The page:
June 2015
Volume 56, Issue 7
Free
ARVO Annual Meeting Abstract  |   June 2015
Mechanisms of Neurovascular protection in Retinal Ischemia Reperfusion Injury: Role of Arginase
Author Affiliations & Notes
  • Esraa Shosha
    Vascular Biology Center, Georgia Regents University, Augusta, GA
    Vision Discovery Institute, Georgia Regents University, Augusta, GA
  • Zhimin Xu
    Vascular Biology Center, Georgia Regents University, Augusta, GA
    Vision Discovery Institute, Georgia Regents University, Augusta, GA
  • Tahira Lemtalsi
    Vascular Biology Center, Georgia Regents University, Augusta, GA
    Vision Discovery Institute, Georgia Regents University, Augusta, GA
  • S Priya Narayanan
    College of Allied Health Sciences, Georgia Regents University, Augusta, GA
    Vision Discovery Institute, Georgia Regents University, Augusta, GA
  • Ruth B Caldwell
    Vascular Biology Center, Georgia Regents University, Augusta, GA
    Vision Discovery Institute, Georgia Regents University, Augusta, GA
  • Footnotes
    Commercial Relationships Esraa Shosha, None; Zhimin Xu, None; Tahira Lemtalsi, None; S Narayanan, None; Ruth Caldwell, None
  • Footnotes
    Support None
Investigative Ophthalmology & Visual Science June 2015, Vol.56, 14. doi:
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      Esraa Shosha, Zhimin Xu, Tahira Lemtalsi, S Priya Narayanan, Ruth B Caldwell; Mechanisms of Neurovascular protection in Retinal Ischemia Reperfusion Injury: Role of Arginase. Invest. Ophthalmol. Vis. Sci. 2015;56(7 ):14.

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      © ARVO (1962-2015); The Authors (2016-present)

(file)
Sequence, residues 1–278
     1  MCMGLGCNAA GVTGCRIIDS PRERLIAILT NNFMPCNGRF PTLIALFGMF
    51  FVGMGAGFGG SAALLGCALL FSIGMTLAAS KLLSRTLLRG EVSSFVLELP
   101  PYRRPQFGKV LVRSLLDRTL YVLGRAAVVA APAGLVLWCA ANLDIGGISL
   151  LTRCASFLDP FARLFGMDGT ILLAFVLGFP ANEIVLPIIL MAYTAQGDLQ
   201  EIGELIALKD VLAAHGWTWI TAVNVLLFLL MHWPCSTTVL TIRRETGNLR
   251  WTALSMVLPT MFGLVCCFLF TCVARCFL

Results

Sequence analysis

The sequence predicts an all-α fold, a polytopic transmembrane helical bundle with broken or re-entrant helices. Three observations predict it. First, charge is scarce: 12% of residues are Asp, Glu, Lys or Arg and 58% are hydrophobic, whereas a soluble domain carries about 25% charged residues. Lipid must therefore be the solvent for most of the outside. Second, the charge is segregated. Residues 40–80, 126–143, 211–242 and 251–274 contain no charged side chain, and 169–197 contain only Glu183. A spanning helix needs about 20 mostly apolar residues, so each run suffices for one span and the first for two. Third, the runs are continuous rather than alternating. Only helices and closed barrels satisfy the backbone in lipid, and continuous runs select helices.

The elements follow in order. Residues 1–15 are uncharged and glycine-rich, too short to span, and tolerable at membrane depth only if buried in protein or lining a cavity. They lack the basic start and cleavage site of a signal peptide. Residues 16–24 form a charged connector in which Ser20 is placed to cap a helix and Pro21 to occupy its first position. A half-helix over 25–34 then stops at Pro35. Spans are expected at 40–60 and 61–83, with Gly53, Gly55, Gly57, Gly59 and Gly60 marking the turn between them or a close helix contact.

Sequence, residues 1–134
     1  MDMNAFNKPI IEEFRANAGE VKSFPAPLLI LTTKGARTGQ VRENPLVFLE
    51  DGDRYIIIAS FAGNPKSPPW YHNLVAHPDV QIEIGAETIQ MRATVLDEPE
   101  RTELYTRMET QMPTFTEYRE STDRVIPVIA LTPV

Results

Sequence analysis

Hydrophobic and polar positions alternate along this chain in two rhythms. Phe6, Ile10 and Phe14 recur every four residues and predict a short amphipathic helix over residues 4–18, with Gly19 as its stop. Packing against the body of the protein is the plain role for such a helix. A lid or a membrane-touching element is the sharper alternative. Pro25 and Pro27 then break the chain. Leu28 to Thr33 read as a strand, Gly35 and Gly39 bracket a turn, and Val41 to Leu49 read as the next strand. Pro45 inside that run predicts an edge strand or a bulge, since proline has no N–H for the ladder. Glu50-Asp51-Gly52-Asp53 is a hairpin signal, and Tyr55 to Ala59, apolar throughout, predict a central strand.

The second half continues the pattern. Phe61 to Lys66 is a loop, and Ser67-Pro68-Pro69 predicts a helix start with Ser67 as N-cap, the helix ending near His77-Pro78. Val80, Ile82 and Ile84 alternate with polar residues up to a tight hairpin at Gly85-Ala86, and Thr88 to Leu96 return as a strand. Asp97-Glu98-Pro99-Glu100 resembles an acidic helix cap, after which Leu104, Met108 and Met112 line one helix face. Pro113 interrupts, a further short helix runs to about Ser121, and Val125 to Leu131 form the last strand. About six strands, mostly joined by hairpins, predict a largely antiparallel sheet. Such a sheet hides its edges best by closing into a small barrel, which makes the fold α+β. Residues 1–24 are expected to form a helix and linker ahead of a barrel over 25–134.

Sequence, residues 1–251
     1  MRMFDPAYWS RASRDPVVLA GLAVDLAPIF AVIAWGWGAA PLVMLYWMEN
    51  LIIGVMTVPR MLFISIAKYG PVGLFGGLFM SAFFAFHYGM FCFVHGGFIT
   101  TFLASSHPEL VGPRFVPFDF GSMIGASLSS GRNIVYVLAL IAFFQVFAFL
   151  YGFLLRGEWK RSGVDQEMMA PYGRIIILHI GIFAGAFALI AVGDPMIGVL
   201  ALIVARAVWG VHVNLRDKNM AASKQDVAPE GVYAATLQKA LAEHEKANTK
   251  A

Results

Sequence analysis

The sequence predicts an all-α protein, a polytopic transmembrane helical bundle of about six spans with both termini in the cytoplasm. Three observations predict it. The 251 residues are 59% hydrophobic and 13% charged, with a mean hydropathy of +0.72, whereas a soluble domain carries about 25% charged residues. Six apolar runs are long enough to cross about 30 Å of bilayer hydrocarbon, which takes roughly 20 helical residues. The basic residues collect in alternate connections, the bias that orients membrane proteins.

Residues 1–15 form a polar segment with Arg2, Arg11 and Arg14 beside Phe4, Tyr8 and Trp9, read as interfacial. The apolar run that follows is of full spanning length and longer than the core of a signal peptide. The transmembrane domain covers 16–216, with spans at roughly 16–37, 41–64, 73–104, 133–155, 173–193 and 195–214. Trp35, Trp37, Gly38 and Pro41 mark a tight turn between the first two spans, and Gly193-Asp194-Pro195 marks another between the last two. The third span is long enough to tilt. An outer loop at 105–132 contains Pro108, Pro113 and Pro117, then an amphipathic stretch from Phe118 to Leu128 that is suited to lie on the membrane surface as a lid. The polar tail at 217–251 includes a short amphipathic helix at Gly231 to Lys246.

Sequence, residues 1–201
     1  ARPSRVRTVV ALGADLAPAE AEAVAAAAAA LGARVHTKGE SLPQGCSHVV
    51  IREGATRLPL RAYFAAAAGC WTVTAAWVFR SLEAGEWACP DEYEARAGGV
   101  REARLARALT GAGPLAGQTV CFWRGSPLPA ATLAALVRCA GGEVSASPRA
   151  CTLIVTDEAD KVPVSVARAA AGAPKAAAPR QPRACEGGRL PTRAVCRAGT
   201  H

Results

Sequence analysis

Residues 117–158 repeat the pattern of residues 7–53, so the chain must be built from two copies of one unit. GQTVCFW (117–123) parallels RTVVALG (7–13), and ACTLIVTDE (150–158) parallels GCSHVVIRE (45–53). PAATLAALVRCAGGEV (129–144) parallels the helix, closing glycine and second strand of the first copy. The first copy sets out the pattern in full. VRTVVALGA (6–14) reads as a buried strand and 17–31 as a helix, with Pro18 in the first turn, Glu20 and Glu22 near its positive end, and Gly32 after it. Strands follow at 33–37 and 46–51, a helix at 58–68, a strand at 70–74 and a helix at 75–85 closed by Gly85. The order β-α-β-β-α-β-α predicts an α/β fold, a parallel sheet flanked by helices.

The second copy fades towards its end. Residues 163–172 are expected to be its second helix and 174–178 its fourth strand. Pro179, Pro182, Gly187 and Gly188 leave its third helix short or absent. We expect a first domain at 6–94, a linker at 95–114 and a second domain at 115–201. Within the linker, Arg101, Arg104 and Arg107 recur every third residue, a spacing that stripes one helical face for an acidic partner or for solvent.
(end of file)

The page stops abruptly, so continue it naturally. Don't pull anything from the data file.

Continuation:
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Abstract

Purpose: Ischemia reperfusion (I/R) injury occurs upon restoration of tissue blood supply after a period of ischemia. It is cardinal in many retinal diseases such as retinal vein occlusion, diabetic retinopathy and retinopathy of prematurity. Although there has been much emphasis on studying protective measures that can prevent or reverse I/R insult, there is no clinically effective treatment mainly because the molecular mechanisms by which microvascular dysfunction and injury happens are far from clear.<br /> We have previously shown that deletion of arginase 2 (A2) prevented neuronal loss and retinal degeneration in I/R model (Xu et al ARVO 2014).The present study was undertaken to investigate the molecular mechanisms by which A2 function mediates neuro-vascular injury following by retinal I/R insult.

Methods: Studies were performed using Wild type (WT) mice (C57BL6J) and mice deficient in arginase 2 (A2-/-) or lacking one copy of arginase 1 (A1+/-). Ischemia reperfusion (I/R) insult was conducted on the right eye and left eye underwent sham surgery. In vitro model of I/R was performed using bovine retinal endothelial (BRE) cells subjected to oxygen glucose deprivation/reperfusion (OGD/R). Western blotting and RT-PCR were performed to study alterations in pro-inflammatory and pro-survival pathways. Microvascular and neurovascular degeneration were evaluated using vascular digests and NeuN staining, respectively. Microglial activation was evaluated using immunolabeling for Iba-1 and confocal imaging.

Results: Our studies showed that A2 levels were increased after I/R injury in both in vitro and in vivo models of I/R insult. Deletion of A2 significantly diminished I/R induced neuronal and microvascular degeneration in vivo. OGD/R induced endothelial cell death as shown by increases in cleaved PARP. I/R injury resulted in downregulation of prosurvival markers such as A1, SIRT-3, Bcl-xl and phosphorylated AKT and upregulation of proinflammatory markers like iNOS and p-NFkB. These changes were reversed with A2 deletion in vivo. Similarly, I/R induced microglial/ macrophage activation and neuronal cell loss were decreased with A2 deletion in vivo.

Conclusions: This study shows for the first time that I/R injury causes neurovascular degeneration through increased A2 expression. A2 deletion prevented this through activation of prosurvival signaling and downregulation of proinflammatory pathways.

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